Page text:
“At school I didn’t think of myself as athletic. I was always told I wasn’t. ‘You don’t play rugby, you don’t play cricket, you’re such a loser.”
It’s hard to look at a photo of 50-year-old Michael Cartwright climbing an overhanging wall in Spain and imagine he was ever anything less than a naturally talented athlete.
Michael is a South African climber who now lives in New Zealand and I first met him through the Mountain Club at our university in Johannesburg. We had the same experience of being bad at school sports, always being chosen last for any team, always uninterested in the sport and a disappointment to our peers. He called himself a geek, I thought of myself as square, we both withdrew from sport and found validation in mental activities. Yet thirty years later, we’ve both spent much of our adult lives being far more athletic than our schoolmates and we won’t be slowing down any time soon.
The activity that made the difference was climbing and we both wish we could have started at a much younger age. So why can climbing be such a revelation to the kind of child who doesn’t excel at conventional sport?
As a teenager Michael attended an all-boys boarding school. “There were only 16 boys per form in each hostel. Any house team, any cricket team, you pretty much had to participate. As someone who really wasn’t into team sports, you always felt like an outcast. The only thing I ever excelled at in school was cross-country and I liked it because it was a way to connect with my brother who was a few years older than me and a cross-country hero. He was the sportsman of the family and we had very little in common.”
Michael liked hiking in the nearby gorges and scrambling around on the cliffs behind his house. “I had a kind of primal attraction to it, but it wasn’t because I thought of it as a sport.” At the age of sixteen he set out to try climbing with his friend Rafe. “We had no idea, no clue. We actually had a real rope. I think Rafe might have inherited it from an older brother. Rafe had made harnesses on his mom’s sewing machine with seatbelt material, with regular cotton thread. We also had one carabiner. So we twisted the rope through the carabiner and clipped it into the harnesses he’d made and rappelled down a cliff. It was a good thing we didn’t weigh a whole lot!”
Thirty years later it is much easier (and safer!) to start climbing, indoor walls exist in all cities and many towns. They all offer gear for hire, and provide supervision and instruction. Children are welcomed. Kids can climb safely outdoors as well, although parents do need to understand all the safety issues involved. “It’s important to acknowledge that outdoor climbing is dangerous,” says Michael. “The danger is obvious, in a dramatic way. But all sports have risks. My brother broke his neck playing rugby. With proper instruction and repetition, climbing is a very safe game to play, but it’s not the sort of thing to just dive into.”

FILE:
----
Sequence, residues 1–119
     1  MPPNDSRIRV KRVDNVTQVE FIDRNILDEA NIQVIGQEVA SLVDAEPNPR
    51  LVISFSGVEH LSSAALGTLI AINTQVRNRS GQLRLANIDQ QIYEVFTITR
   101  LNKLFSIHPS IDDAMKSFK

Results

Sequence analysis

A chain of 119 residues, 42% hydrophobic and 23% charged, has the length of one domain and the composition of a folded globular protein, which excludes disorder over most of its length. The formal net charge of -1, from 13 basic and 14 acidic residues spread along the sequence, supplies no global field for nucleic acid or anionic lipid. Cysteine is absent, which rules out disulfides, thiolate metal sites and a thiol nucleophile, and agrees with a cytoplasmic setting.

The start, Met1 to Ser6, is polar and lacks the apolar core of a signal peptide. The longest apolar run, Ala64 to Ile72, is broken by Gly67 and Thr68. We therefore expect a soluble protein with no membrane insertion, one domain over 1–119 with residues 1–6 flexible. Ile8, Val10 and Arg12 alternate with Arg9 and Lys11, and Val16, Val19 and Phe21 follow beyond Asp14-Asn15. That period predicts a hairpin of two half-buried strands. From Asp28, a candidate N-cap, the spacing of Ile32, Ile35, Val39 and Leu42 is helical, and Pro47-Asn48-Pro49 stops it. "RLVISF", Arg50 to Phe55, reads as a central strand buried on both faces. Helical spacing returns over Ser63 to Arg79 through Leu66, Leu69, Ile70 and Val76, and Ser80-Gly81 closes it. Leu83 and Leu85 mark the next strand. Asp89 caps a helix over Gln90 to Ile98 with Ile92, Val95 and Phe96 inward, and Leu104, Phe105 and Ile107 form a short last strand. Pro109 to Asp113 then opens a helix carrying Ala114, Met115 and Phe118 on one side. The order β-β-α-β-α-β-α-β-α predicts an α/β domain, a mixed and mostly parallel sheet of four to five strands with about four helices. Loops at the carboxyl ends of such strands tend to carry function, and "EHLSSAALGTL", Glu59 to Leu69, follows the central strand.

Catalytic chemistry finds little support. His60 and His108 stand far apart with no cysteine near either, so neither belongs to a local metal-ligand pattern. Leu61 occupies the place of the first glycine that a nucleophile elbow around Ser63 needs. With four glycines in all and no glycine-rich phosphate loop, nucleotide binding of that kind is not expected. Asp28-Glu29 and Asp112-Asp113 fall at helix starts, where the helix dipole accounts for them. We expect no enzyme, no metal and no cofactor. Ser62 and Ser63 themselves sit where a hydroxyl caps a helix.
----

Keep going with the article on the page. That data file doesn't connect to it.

When Michael got to university he (like me) signed up for the Mountain Club. “I didn’t think I was signing up for an athletic activity, I thought we’d be exploring mountains. It was a bit of a shock when I realised this is quite serious!” Michael quickly discovered he was a very good climber and he went on to win Rockmasters, South Africa’s first ever indoor climbing competition. “It was a turning point in my relationship with my brother. This realisation that I can do stuff that other people can’t do.”
All these years later, Michael doesn’t have children of his own but his younger sister has two young boys, both high-energy little hellions. When I spotted photos on Facebook of Michael herding a flock of small kids up big cliffs, I asked him for his tips on getting children involved in climbing. He admits that you need to persuade the parents at first. “It is such a gender thing, the guys are so mellow, the mothers (other than my sister) are so concerned. I think the mothers are more attached to reality, when the —- hits the fan they are the ones who end up dealing with it all. There’s definitely a difference in terms of the reaction, you have to sell it to them. But after the first day, they were all 100% sold.”